PHL peso dips to new low, P58.49 for one US dollar, as US Federal Reserve raises interest rates again

Third consecutive day that weight reached new record lows

(File photo) A customer counts Philippine pesos banknotes after exchanging his US dollars for Philippine pesos in Manila on September 8, 2015. AFP PHOTO / Jay DIRECTO / AFP PHOTO / JAY DIRECTO

(Eagle News) – On Thursday, Sept. 22, the Philippine peso fell to a new all-time low of P58.49 for one US dollar, the third consecutive day that the peso had fallen to an all-time low.

On Wednesday 21 September, the peso dropped to P58 to one dollar and the previous day, Tuesday (20 September), it closed at P57.48.

This happened when the US Federal Reserve again raised interest rates to curb the price surge in the US.

This Fed rate hike led to heavy losses in Asia, Europe and Wall Street.

In Japan, the yen fell to a new 24-year low against the dollar on Thursday, with the greenback climbing to nearly 146. This prompted the Japanese finance ministry to intervene in the currency market to strengthen the yen.

The British pound also dropped briefly to a new 37-year low at $ 1.1212, although the Bank of England was preparing to announce its second consecutive rate hike later on Thursday, according to a report by Agence France Presse.
The euro also fell to a 20-year low of the dollar.

-PHL Monetary Commission raises interest rates-

In the Philippines, the Monetary Council has decided to raise the interest rate on the overnight reverse repurchase of Bangkok Sentral ng Pilipinas by 50 basis points to 4.25%, with effect from tomorrow, 23 September.

“The latest baseline forecast from the BSP shows that average inflation is still expected to exceed the upper end of the target range of 2-4% to 5.6% in 2022. The forecast for 2023 has also increased slightly to 4, 1%. Meanwhile, the forecast for 2024 drops to 3.0%, “the BSP said Thursday 22 September.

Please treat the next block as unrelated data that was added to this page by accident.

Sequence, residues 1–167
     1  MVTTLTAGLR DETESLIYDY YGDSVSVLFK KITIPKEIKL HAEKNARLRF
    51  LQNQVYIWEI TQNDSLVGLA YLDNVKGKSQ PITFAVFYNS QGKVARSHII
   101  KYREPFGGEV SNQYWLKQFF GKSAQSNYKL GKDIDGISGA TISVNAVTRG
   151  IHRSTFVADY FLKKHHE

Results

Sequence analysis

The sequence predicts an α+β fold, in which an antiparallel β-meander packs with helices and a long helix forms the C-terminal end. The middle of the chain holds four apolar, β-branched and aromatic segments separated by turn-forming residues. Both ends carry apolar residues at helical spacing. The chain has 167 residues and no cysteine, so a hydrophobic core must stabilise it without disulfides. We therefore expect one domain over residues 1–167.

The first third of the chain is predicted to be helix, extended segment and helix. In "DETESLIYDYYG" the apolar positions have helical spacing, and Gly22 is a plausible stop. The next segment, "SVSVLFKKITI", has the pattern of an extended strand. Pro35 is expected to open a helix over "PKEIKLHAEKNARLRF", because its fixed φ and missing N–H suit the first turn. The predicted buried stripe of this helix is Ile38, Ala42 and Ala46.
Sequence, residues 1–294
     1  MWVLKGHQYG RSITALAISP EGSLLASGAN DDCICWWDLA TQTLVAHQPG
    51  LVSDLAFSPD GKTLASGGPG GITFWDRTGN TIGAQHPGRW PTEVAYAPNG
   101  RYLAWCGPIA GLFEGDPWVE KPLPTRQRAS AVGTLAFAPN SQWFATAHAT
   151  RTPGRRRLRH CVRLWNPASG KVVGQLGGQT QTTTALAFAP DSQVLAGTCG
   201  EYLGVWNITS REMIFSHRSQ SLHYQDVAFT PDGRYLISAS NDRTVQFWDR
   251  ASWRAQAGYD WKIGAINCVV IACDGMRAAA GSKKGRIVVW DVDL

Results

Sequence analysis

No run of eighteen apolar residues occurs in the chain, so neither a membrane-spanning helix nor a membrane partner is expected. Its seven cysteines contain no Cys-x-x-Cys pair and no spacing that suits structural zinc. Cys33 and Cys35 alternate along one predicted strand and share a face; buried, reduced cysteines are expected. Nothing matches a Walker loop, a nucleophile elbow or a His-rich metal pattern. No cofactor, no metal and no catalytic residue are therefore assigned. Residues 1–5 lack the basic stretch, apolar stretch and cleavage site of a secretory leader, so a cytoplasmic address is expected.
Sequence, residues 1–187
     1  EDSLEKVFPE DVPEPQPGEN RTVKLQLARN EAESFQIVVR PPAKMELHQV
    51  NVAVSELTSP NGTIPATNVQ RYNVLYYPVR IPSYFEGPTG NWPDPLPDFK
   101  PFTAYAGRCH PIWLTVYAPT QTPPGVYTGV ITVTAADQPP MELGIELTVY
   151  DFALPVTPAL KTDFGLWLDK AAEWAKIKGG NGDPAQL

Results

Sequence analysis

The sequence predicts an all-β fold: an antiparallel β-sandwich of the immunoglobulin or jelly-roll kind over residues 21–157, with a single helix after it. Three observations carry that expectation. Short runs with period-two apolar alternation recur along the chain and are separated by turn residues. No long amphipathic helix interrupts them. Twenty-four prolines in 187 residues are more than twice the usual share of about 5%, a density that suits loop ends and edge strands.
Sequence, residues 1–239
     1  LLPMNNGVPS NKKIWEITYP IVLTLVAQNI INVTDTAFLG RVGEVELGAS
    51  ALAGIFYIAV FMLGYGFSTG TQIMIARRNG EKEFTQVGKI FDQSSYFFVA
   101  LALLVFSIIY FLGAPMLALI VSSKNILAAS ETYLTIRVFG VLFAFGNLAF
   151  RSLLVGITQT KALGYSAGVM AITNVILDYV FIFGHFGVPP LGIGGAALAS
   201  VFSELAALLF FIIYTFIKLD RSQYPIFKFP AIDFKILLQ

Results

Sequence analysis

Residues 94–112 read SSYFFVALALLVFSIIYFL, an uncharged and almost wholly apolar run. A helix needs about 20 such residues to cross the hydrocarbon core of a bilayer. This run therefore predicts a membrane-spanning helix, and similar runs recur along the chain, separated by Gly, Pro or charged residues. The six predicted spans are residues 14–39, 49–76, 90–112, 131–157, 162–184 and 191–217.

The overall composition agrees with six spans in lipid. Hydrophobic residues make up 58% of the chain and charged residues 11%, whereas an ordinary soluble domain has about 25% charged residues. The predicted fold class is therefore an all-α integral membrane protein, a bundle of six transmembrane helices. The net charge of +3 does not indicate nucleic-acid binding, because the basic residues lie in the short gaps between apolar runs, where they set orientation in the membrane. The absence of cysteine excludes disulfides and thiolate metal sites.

In deciding to raise the reference rate again, the Monetary Committee noted that price pressures continue to increase.

In a statement, he said that “rising core inflation indicates emerging demand-side pressures on inflation.”

“In addition, second-round effects continue to manifest, with inflation expectations remaining high in September following the approval of minimum wage and freight rate increases. However, inflation expectations continue to be broadly anchored over the medium term, “she said.

In this September alone, the peso recorded eight times new lows.

On 2 September, the peso fell to P56.77 for one US dollar. On September 5th it fell further to P56.99 for one dollar. The next day, on September 6, the peso dropped to P57: $ 1. Two days later, on 8 September, the peso plunged further to P57.18 to the greenback. On 16 September it slipped further to P57.43 and on 20 September it dropped to P57.48.

There may be further rate hikes by the US Federal Reserve to protect the US dollar.

-The US Federal Reserve should continue to raise rates-

US Federal Reserve Chairman Jerome Powell warned that the process of conquering the highest inflation of the past 40 years will come with difficulties.

It was the third consecutive 0.75 percentage point hike by the Fed’s Federal Open Market Committee (FOMC), which continues the vigorous action that has included five hikes this year.

The hike brings the policy rate to 3.0-3.25 percent and the FOMC said it expects “ongoing hikes … will be appropriate”.

“We need to raise inflation. I wish there was a painless way to do it. There isn’t, ”Powell said.

The Federal Reserve has signaled further strong interest rate hikes in the United States.

Rising prices are putting a strain on American households and businesses and have become a political responsibility for President Joe Biden as he faces midterm Congressional elections in early November.

But a contraction of the world’s largest economy would be a more damaging blow to Biden and the world at large.

Powell made it clear that officials will continue to act aggressively to cool the economy and prevent a repeat of the 1970s and early 1980s, the last time US inflation spiraled out of control.

It took hard action – and a recession – to finally bring prices down in the 1980s, and the Fed is unwilling to give up its hard-won, inflation-fighting credibility.

The Fed’s quarterly forecast released with the rate decision on Wednesday shows that FOMC members expect US GDP growth to be practically flat this year, rising just 0.2%. But they see a return to expansion in 2023, with annual growth of 1.2%.

They expect further rate hikes this year, totaling 1.25 percentage points, and more in 2023, with no cuts until 2024.
Inflation is a global phenomenon in the midst of the Russian war in Ukraine, in addition to global supply chain hiccups and Covid blockades in China, and other major central banks are also taking action.

(With a report from Agence France Presse)